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Friday, May 20, 2016

Friday links





A collection of  rarely-used funny inventions from the past.

ICYMI, Wednesday's links are here, and include Winston Churchill's "get out of prohibition free" doctor's note, the Floraphone (a WWI plan to turn trees into telephones), why we need a supervillain President, and  how monarch butterflies navigate.

Thursday, May 19, 2016

Early attempts to produce the flying car we were supposed to have by now


Hobbes: "A new decade is coming up."

Calvin: "You call this the future?? HA! Where are the rocket packs? Where are the disintegration rays? Where are the flying cars?"

~ Bill Watterson, Calvin and Hobbes (wiki) December 30, 1989

Mark my word: a combination airplane and motorcar is coming. You may smile, but it will come. ~ Henry Ford, 1940 

By 1953 motor-cars will be obsolete, because aeroplanes will run along the ground as well as fly over it.
~ Sir Philip Gibbs,  1928.

Instead of a car in every garage, there will be a "copter". These tiny "copters", when school lets out, will fill the sky as the bicycles of our youth filled the prewar roads.
~ Harry Bruno, 1943

Weren't we supposed to have flying cars (wiki) by now? Below are some early attempts, and, per Forbes, there may be one available in 2017:

Nov 1947:


A ConVair Car Model 118 flying car during a test flight. The hybrid vehicle was designed by Theodore P. Hall for the Consolidated Vultee Aircraft Company of San Diego, California, but never went into production. A test pilot had to make a crash landing after the vehicle unexpectedly ran out of fuel — he'd been reading from the car's fuel gauge, not the plane's. 
 April 1924:
A car with wings and a propeller protruding from the radiator grille drives through Times Square, New York. It was the invention of A.H. Russell of Nutley, New Jersey.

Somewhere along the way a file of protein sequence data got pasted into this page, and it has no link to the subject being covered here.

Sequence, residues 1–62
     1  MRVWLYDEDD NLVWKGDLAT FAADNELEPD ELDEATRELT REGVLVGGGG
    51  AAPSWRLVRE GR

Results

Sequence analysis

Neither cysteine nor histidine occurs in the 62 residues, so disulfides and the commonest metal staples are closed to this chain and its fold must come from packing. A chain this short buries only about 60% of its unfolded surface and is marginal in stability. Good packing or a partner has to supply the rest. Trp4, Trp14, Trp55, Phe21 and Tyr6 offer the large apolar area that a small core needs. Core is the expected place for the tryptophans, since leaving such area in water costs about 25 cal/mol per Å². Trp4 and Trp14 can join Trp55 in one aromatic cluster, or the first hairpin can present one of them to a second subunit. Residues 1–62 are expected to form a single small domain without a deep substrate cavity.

Jan. 1946:

Ted Hall's NX59711. It had a top road speed of 60mph and flight speed of 110mph. Hall developed it as a design for paratroopers and commandos.
Lots more at Mashable, Daily Beast, and Smithsonian.

Wednesday, May 18, 2016

Wednesday links


ICYMI, Monday's links are here, and include inventions predicted by The Simpsons, weird epidemics that are still a mystery, the 100 year anniversary of Sykes-Picot, father builds robotic pancreas for his son, and what happens when you build a cube out of one way mirrors.

Tuesday, May 17, 2016

Winston Churchill's Doctor's Note Allowing Him to Drink "Unlimited" Alcohol in Prohibition America

Winston Churchill (wiki)  arrived in the United States for a long (40 stop) lecture tour in December of 1931, and shortly after his arrival was struck by a car while crossing the street. You can read the story here.

A cab carried him off to Lenox Hill Hospital where he was treated for a deep gash to the head, a fractured nose, fractured ribs, and severe shock. Churchill described how the accident came about:
In England we frequently cross roads along which fast traffic is moving in both directions. I did not think the task I set myself now either difficult or rash. But at this moment habit played me a deadly trick.
I no sooner got out of the cab somewhere about the middle of the road and told the driver to wait than I instinctively turned my eyes to the left. About 200 yards away were the yellow headlights of an approaching car. I thought I had just time to cross the road before it arrived; and I started to do so in the prepossession—wholly unwarranted— that my only dangers were from the left.